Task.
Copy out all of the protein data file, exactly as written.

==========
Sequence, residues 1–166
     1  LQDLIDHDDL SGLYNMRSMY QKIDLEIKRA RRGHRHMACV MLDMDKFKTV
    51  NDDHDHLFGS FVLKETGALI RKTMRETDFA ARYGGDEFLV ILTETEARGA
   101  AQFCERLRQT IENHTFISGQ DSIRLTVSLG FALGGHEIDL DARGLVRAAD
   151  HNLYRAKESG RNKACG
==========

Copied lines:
Sequence, residues 1–166
     1  LQDLIDHDDL SGLYNMRSMY QKIDLEIKRA RRGHRHMACV MLDMDKFKTV
    51  NDDHDHLFGS FVLKETGALI RKTMRETDFA ARYGGDEFLV ILTETEARGA
   101  AQFCERLRQT IENHTFISGQ DSIRLTVSLG FALGGHEIDL DARGLVRAAD
   151  HNLYRAKESG RNKACG